"It was great to hear the Chief of Staff of the Army expecting AWG to be at the forefront of Army transformation," Devens said. "And charge our unit with enhancing the combat effectiveness of our forces preparing for and engaging in asymmetric threats around the world."
A key element of the Army's institutional transformation is the rapid development and procurement of capabilities, Casey added. "When you are a Soldier deployed and have a need for something ... you want it on that tour right now. [AWG has helped give] us that capability."
Casey ended his morning at the AWG by paying tribute to the unit's Soldiers, thanking them for their versatility and flexibility in moving things forward. "You are cutting edge, and that's exactly what we need."
Casey's next stop during his day at Fort Meade was the Freedom Inn dining facility, where he took a break for lunch with Shaw and Devens along with Installation Commander Col. Daniel L. Thomas, First Army Division East Commander Maj. Gen. Mick Bednarek and others.
Next on Casey's agenda Thursday was a visit to First Army Division East headquarters in Pershing Hall. While there, Casey first met privately with Bednarek in his office, then the two generals entered the Bradley conference room for a briefing and update about the unit. Several Division East leaders, including Chief of Staff Col. Mark Fields and Sgt. Maj. Kenneth Rush, were also on hand.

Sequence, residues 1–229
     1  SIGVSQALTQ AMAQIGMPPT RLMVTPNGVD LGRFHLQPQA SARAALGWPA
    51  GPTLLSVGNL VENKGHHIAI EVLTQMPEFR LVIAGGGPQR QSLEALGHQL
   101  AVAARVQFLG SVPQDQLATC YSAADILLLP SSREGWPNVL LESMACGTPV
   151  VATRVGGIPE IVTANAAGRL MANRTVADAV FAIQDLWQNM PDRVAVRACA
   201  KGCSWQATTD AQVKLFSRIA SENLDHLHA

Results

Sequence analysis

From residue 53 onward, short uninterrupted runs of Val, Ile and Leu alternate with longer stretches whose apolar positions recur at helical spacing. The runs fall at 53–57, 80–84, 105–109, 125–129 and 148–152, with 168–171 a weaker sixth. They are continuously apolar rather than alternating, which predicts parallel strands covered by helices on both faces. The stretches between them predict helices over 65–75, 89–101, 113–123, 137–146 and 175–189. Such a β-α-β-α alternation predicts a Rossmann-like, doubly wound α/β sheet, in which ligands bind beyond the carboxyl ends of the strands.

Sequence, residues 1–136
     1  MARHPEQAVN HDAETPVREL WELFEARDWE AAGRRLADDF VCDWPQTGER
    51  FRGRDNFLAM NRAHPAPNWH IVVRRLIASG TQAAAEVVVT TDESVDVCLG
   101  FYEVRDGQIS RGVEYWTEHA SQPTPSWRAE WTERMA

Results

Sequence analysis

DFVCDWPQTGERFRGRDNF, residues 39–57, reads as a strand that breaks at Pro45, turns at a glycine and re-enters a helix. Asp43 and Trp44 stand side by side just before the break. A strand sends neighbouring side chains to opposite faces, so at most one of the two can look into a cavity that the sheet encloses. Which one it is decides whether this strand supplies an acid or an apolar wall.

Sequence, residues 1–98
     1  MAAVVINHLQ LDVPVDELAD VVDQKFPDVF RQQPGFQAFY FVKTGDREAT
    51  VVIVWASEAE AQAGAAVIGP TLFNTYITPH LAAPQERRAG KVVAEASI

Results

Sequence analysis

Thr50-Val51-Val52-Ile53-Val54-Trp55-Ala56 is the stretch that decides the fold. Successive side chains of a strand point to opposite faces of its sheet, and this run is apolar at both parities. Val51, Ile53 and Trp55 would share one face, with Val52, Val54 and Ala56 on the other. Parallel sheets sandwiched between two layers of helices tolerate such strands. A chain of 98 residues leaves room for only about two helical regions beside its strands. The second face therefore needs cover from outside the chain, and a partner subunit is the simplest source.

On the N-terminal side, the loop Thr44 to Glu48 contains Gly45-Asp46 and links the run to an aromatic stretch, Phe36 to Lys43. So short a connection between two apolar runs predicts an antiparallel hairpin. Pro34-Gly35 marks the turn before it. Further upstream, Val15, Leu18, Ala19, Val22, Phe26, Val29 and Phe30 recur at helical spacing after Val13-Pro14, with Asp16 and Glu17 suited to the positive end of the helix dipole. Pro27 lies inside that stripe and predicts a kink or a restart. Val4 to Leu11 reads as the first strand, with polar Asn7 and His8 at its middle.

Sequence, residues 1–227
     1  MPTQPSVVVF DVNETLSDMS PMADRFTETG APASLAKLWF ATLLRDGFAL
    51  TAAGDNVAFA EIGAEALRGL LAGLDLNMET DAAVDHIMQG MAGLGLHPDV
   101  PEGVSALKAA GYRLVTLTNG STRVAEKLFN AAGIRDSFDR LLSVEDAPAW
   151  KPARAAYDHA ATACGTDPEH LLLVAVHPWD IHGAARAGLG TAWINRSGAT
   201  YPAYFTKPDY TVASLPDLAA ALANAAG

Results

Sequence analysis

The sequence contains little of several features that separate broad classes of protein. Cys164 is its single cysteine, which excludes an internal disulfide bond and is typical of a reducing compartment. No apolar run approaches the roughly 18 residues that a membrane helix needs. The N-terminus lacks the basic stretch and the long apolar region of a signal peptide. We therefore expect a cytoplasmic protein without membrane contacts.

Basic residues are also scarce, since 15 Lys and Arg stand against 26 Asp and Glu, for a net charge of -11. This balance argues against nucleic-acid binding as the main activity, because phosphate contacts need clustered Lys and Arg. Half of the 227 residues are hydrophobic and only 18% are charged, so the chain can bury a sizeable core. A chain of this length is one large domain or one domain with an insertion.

First Army Division East has more than 6,000 Soldiers with a footprint in 27 states east of the Mississippi River. Its mission is to mobilize, train and validate reserve-component units and provide training to joint, combined and active units.
"Last year, Division East trained about 60,000 Soldiers for duty in Iraq, Afghanistan and Kosovo," Bednarek said.
Bednarek also highlighted aspects of Division East's current operations, including an evolution and projection of Reserve mobilization, training and deployments; the success of the unit's 56th Stryker Brigade out of Pennsylvania; the command initiative to hire wounded warriors; family support through Family Readiness Groups; and tapping into subject-matter experts, such as those at the Asymmetric Warfare Group.
"Training 60,000 Soldiers a year is about as noble a venture as you can have," Casey said.
While at Division East, Casey also recognized three of the unit's NCOs for their actions. Sgt. 1st Class Lawrence Veihl, who served as a casualty assistance officer last summer, received Casey's commander's coin, and Sgt. 1st Class Erik Ramos and Sgt. 1st Class Edward Pelotte received Army Achievement Medals for their work at the Joint Readiness Training Center at Fort Polk, La., last year.
As his helicopter arrived on McGlachlin Parade Field to take him back to the Pentagon, Casey took a few moments to speak briefly about 2009 as the Year of the NCO.
"As I've looked across the Army in the last couple of years," Casey said, "it has been clear to me that it is our noncommissioned officers who are providing the glue that is holding this force together."
Casey's goals for the year are to recognize what NCOs do for the Army and the country; to inform the American people about what a national asset the NCO corps is; and to enhance what the Army is doing for NCOs.
(Melanie Casey writes for Fort Meade Public Affairs Office and its newspaper, Soundoff!)